Once I've written something, How do I get it published?

 

The first thing you have to do is make sure it is typed up in a proper manuscript format. There really is a right way (and, essentially, only one) to format a manuscript for submission. The rules for manuscript formatting have very good reasons for them and you need to follow them closely if you want to have the story you've written looked at, much less considered for publication. The Science-fiction and Fantasy Writer's of America (SFWA) have several articles on their web site on manuscript preparation:

After you have your manuscript neatly typed up or printed, you need to know where to send it. There are several good sources of market information including The Literary Market Place for book publishers and Writer's Market for book and magazine publications. There are also a number of online resources for finding market lists.

One resource that is often overlooked is your local book or magazine shop. For short stories, find those magazines that have published stories similar to what you have written. Look up their editorial address in the magazine and write them asking for their submission guidelines. If it's a magazine you are not very familiar with, take the time to read a few issues to make sure that your story fits what they publish.

Don't just pick one market; find every market you can in which your story might fit. List them in order of descending priority. Most folk would recommend rating them by pay rate, but other factors may be more important to you.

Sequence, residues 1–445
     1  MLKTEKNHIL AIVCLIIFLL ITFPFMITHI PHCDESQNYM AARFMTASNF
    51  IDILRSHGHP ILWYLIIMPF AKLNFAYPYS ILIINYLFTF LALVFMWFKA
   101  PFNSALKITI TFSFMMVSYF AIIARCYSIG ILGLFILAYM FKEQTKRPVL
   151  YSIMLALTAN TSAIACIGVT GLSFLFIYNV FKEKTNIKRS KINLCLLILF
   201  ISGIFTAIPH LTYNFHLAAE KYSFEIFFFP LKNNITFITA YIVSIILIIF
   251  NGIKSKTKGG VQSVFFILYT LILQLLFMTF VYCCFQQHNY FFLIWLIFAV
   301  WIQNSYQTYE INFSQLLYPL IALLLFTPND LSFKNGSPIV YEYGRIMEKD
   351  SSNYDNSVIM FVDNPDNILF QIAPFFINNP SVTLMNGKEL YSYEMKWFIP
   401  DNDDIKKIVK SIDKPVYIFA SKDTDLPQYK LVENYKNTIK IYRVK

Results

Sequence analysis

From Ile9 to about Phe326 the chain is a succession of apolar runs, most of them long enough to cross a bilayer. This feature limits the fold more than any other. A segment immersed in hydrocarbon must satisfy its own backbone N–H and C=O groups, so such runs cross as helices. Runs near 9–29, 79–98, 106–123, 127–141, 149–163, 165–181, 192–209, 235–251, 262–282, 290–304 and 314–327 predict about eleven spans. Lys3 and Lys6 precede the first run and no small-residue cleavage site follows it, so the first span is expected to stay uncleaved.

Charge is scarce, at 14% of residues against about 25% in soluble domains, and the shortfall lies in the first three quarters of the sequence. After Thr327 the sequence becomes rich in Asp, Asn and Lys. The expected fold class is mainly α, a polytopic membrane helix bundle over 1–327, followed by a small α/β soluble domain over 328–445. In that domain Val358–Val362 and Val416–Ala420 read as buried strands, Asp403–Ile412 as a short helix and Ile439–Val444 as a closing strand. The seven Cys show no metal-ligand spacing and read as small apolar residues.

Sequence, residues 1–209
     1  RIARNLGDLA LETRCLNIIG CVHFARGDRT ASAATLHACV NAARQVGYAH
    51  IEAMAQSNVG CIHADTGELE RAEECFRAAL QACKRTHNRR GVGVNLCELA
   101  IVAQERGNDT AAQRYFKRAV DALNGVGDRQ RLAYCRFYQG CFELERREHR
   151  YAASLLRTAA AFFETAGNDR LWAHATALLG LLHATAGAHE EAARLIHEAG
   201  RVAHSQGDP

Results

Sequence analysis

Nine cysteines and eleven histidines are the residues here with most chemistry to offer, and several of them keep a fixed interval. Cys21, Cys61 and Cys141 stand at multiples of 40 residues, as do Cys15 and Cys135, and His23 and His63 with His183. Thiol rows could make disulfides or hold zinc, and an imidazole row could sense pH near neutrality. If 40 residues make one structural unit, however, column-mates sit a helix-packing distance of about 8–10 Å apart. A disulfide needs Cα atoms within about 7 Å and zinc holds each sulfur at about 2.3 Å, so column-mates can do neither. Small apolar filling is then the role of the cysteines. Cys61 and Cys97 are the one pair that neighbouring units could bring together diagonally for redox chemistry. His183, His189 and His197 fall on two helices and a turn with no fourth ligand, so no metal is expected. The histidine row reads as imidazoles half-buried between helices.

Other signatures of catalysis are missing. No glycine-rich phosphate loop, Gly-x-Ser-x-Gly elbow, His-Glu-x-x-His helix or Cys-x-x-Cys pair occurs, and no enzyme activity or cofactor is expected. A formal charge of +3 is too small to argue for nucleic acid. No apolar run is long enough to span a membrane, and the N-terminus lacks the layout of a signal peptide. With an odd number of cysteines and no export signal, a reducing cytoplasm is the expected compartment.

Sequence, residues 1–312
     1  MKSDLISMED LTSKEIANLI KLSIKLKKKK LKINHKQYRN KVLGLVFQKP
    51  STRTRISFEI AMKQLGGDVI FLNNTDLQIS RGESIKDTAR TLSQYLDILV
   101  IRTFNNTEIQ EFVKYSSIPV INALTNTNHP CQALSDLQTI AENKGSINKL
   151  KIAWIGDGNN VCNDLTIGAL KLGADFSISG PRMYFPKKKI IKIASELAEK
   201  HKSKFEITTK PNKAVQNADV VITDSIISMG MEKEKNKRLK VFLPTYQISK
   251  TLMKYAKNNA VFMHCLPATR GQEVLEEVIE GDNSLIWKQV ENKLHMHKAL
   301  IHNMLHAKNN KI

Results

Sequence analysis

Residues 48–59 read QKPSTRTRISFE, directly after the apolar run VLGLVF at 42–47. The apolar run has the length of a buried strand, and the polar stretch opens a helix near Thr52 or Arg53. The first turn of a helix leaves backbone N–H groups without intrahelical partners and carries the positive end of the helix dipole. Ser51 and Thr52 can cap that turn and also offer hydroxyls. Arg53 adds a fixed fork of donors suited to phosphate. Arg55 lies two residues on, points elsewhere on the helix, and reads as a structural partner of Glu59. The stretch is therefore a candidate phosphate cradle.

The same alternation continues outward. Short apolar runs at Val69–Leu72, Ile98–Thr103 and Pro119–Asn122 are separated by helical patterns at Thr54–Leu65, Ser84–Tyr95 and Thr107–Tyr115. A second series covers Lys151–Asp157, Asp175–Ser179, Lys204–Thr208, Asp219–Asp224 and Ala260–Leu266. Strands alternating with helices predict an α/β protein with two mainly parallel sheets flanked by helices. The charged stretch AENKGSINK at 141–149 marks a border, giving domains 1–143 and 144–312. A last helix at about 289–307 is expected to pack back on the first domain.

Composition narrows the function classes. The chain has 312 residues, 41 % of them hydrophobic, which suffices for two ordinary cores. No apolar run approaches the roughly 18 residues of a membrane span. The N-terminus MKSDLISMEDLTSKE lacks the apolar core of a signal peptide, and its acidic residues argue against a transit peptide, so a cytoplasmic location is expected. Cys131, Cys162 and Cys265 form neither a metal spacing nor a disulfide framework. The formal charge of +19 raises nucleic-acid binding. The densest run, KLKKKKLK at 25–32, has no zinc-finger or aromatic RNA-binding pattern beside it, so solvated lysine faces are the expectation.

Once you have your manuscript and your list of markets, put your manuscript in a properly sized envelope along with a Self-Addressed Stamped Envelope (SASE). If you don't need to have the manuscript itself returned, use a business sized SASE, otherwise make sure the SASE is large enough to comfortably hold the manuscript and has sufficient postage. Then mail your manuscript to the first market on your list. Do not mail copies to more than one market. Do not use certified or registered mail. Send the manuscript via first class or priority mail (depending on its weight) to one and only one market.

While you are waiting for the response to this submission, begin working on your next story.

If, as is most likely, the story is rejected from your first choice of market, make sure the manuscript is in good condition or print out another copy and send it to the next on the list. If the editor suggested revision of the story along with possible interest in buying a revised version, you need to think whether you can do the revisions as suggested or whether you would rather just move on to the next suggestion. Remember, though, that a suggestion of revision is not a guarantee that the editor will buy the revised story. The decision of revise or move on is one that only you can make.

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